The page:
By Arianna Huffington
We have, if we’re lucky, about thirty thousand days to play the game of life. How we play it will be determined by what we value. If we worship money, we’ll never feel truly abundant. If we worship power, recognition, and fame, we’ll never feel we have enough. And if we live our lives madly rushing around, trying to find and save time, we’ll always find ourselves living in a time famine, frazzled and stressed.”
~ Arianna Huffington, Thrive
Arianna Huffington (co-founder, president, and editor-in-chief of the Huffington Post Media Group) had a personal wake-up call in 2007. When she collapsed from exhaustion and injured herself in the process, she finally hit the wall. She was totally burned out and the pursuit of the standard two metrics of success—how much money and power a person possesses—simply weren’t doing it for her any more. Indeed they aren’t working for most of us. We are currently experiencing an epidemic of stress-related illnesses (including Diabetes II, cardiac problems, and obesity). Though we are “connected” 24/7, we have lost our connection to what really matters. Physically and spiritually, our current definition of success is slowly killing us. We need a new definition, a new way to structure our precious thirty thousand days.
What really constitutes living a good life? In the last seven years, Arianna Huffington has focused on redefining what it means to have a successful life. The third metric, as she dubs it, consists of building your life on a foundation of four pillars:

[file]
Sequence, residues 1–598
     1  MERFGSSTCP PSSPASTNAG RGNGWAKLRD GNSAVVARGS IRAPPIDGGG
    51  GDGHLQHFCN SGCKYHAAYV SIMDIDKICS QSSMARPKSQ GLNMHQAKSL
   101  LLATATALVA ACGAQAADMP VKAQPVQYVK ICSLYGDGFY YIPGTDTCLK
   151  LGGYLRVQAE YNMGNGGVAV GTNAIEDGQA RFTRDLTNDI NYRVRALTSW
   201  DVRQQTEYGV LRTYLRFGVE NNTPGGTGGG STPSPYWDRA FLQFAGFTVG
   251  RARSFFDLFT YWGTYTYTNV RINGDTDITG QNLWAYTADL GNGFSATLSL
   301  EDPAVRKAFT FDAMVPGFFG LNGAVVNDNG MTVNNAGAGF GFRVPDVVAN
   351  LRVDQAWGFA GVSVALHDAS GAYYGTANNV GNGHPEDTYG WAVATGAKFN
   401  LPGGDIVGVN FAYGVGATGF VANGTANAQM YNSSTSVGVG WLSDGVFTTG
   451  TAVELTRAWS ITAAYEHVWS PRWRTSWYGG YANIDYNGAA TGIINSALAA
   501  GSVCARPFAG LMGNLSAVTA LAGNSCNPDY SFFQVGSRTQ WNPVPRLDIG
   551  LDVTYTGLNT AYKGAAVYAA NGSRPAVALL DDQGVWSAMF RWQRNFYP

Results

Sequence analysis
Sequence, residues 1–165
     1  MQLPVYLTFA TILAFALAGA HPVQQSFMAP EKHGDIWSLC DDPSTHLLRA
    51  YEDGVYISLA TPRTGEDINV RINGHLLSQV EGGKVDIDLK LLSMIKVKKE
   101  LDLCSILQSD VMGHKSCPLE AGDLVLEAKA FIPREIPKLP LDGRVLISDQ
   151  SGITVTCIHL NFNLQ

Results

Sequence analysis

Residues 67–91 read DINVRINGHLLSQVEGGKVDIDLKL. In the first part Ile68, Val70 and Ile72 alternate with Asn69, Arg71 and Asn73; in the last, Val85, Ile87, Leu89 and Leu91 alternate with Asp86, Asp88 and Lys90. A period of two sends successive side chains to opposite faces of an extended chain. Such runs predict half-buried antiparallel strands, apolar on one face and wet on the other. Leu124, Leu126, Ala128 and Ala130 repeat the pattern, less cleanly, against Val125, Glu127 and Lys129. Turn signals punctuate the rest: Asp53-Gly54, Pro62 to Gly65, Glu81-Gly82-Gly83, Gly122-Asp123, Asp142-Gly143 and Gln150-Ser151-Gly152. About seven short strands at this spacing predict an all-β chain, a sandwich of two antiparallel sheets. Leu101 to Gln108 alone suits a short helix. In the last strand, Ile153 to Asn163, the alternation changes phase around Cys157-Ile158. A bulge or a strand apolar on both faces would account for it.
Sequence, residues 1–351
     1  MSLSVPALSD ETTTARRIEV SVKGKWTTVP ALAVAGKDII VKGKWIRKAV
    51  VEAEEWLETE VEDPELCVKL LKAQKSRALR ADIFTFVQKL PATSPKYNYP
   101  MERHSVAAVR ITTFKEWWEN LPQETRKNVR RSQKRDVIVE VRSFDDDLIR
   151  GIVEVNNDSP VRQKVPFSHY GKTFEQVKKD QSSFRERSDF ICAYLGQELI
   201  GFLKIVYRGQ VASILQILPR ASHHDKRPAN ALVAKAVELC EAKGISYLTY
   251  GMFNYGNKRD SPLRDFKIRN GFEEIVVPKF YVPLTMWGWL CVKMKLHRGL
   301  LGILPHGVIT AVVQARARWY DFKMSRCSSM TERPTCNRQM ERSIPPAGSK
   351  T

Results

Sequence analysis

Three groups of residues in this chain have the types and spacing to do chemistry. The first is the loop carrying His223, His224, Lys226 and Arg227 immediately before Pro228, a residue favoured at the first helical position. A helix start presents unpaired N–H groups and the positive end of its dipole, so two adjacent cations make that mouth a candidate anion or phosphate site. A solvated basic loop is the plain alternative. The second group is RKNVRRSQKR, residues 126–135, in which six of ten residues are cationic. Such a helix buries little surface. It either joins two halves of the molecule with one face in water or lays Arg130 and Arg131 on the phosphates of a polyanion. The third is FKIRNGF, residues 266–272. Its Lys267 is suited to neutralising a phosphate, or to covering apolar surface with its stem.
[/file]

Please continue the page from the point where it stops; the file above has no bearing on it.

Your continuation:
- well-being, which includes both physical health as well as being deeply in touch with yourself
- wisdom, which is far more than knowledge
- developing a sense of wonder, which is sorely lacking in today’s plugged-in culture
- and giving.
This book has had a profound effect on me. I have strived all my life to be a success according to the first two metrics. It could be argued that I have had a successful career, and now I don’t lack for anything except peace of mind (the ability to shut up that little voice in my head that says, “It’s not enough”). Thanks to this book, which I’m giving to everyone by the way, I’ve made three initial changes that have already started to increase my peace of mind.
First, I’m “unplugging” for a portion of each day and trying to turn the electronics off in the evenings. Second, I’m trying to eradicate the word “should” from my vocabulary, certainly when it comes to me but also when it comes to others. Finally, I’m trying very hard to uncouple my feelings of success with external validation and comparing myself to others. That way only leads to tears—mine.
"So find your place to stand—your place of wisdom and peace and strength. And, from that place, remake the world in your own image, according to your own definition of success, so that all of us—women and men—can thrive and live our lives with more grace, more joy, more compassion, more gratitude, and yes, more love. Onward, upward, and inward."